Candidate coming to Kenosha Thursday, may meet with Blake’s family.
Former Vice President Joe Biden, the Democratic presidential nominee, said Wednesday the Kenosha police officer who shot Jacob Blake seven times in the back at point-blank range should be criminally charged. He also announced plans to visit the city on Thursday.
Biden called for charges to be brought against Rusten Sheskey, a seven-year Kenosha Police Department veteran, during a call with reporters after giving a speech in Wilmington, Delaware, on reopening schools.
“I think we should let the judicial system work its way,” Biden said. “I do think there’s a minimum and they need to be charged.”
Hours after Biden first said Sheskey should be charged, and an hour after initial publication of this story, a campaign official tempered the language in an emailed statement to UpNorthNews. The official said Biden “believes that, based on everything he has seen, charges appear warranted, but that there should be a full investigation to ensure all the facts are known first.”
Biden’s visit to Kenosha will come 11 days after the shooting of Blake, a 29-year-old Black man, set off daily protests and civil unrest. Biden’s appearance will be his first time stopping in Wisconsin on the campaign trail, something Hillary Clinton failed to do during her failed 2016 presidential run.
Biden’s campaign said he and his wife, Jill, will host a “community meeting” and “make a local stop” afterward. National reporters following the Biden campaign indicate he will meet with the Blake family. Biden and his running mate, California Sen. Kamala Harris, spoke with the family last week, while President Donald Trump still has not. Trump claimed he spoke with the “family pastor,” but Blake’s father said the family does not have a pastor.
Trump visited Kenosha on Tuesday and did not once say Jacob Blake’s name. Instead, he praised law enforcement and denied there is systemic racism in policing. Trump also held a photo-op with a former owner of a current business that burned down in riots following Blake’s shooting. The business’ current owner declined to be part of Trump’s “circus.”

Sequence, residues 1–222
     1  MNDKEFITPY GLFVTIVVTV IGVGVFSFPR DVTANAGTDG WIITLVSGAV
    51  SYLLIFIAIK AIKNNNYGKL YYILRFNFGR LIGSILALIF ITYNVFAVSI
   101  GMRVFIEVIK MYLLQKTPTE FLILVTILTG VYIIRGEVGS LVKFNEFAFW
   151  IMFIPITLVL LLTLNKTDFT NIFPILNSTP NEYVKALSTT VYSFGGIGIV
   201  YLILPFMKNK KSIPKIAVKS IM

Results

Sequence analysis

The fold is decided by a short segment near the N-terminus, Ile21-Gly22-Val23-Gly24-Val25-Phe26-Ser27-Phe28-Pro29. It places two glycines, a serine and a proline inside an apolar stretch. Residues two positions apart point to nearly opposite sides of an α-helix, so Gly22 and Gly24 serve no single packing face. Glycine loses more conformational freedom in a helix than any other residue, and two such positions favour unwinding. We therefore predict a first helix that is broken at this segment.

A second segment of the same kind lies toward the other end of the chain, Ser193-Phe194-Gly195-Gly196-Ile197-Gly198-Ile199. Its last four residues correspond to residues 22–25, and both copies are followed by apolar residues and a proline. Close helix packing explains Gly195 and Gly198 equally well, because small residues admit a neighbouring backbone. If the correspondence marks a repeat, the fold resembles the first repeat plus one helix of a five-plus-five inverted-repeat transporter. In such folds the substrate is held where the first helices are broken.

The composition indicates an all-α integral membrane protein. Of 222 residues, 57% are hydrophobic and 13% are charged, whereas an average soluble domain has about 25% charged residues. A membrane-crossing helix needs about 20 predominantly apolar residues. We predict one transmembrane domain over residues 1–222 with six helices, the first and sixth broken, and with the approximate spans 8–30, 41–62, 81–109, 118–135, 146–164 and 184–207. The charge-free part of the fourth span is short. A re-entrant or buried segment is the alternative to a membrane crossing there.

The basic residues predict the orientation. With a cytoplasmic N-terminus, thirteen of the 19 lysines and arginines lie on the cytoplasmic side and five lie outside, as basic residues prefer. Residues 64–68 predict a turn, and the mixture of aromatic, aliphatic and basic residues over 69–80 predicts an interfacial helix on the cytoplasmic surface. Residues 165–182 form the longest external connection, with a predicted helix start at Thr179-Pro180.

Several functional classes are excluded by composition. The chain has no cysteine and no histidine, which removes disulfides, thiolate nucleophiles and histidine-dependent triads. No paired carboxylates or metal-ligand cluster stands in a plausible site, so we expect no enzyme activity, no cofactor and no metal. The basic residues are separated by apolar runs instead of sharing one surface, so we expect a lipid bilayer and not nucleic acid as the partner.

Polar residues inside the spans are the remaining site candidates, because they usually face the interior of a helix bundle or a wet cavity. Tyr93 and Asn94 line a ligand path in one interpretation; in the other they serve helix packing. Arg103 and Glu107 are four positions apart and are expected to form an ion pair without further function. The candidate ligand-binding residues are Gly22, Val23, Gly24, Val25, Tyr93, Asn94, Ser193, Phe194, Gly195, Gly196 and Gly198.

Gov. Tony Evers, Kenosha Mayor John Antaramian, and Kenosha County Executive Jim Kreuser, all Democrats, asked Trump to hold off on a visit to the city to allow its residents more time to heal. He came anyway.
“What we saw from Donald Trump today in Wisconsin is no different from what we’ve seen from him all along: self-centered divisiveness accompanied by zero solutions,” said Biden spokeswoman Kate Beginsfield in a Tuesday statement.
Jacob Blake’s family and BLAK, a new Kenosha activist group, hosted a block party Tuesday to counter Trump’s appearance with a show of positivity and nonviolence. At that event, Blake’s uncle, Justin Blake, said Biden and Harris had spoken by phone with Blake’s dad.
“Vice President Biden and Sister Harris had a prolonged conversation with my brother the other day. I’m sure he will make time to greet them,” Justin Blake said during a media briefing.
The President’s visit also came a day after he compared brutal police shootings to when a golfer “chokes” on a short putt in an interview with Fox News.
Wisconsin Attorney General Josh Kaul last week identified Sheskey as the officer who shot Blake. An update into the shooting provided by the state Department of Justice Tuesday said investigators found a knife on the floor in front of the driver’s seat of Blake’s car, which he was getting into at the time of the shooting. However, it did not say whether Blake was holding the knife when Sheskey opened fire.
After Minneapolis police murdered George Floyd at the end of May, Trump signed executive orders for light police reform such as banning chokeholds in some circumstances, incentivizing local law enforcement to adhere to federal use-of-force and de-escalation standards, and establishing a federal database of officers who have been decertified or convicted of on-duty crimes.
Such minimal police reform remains elusive in Wisconsin as Republicans who control the state Legislature answered Evers’ special session call with a gavel drop in nearly empty chambers of the Assembly and Senate, the minimum action required of them. Nothing has been scheduled in terms of taking up Evers’ package of reform bills or any other ideas that may come from GOP lawmakers.
The national American Civil Liberties Union said Trump’s orders were a drop in the bucket of needed reforms and slammed the President for not once mentioning racism in announcing his orders.
Biden does not support defunding police, a common demand from activists. His official platform on justice reform calls for reducing mass incarceration, eliminating mandatory minimum sentences, and increasing access to social services and schooling for low-income communities.
This story was updated after publication with a statement from a Biden campaign official.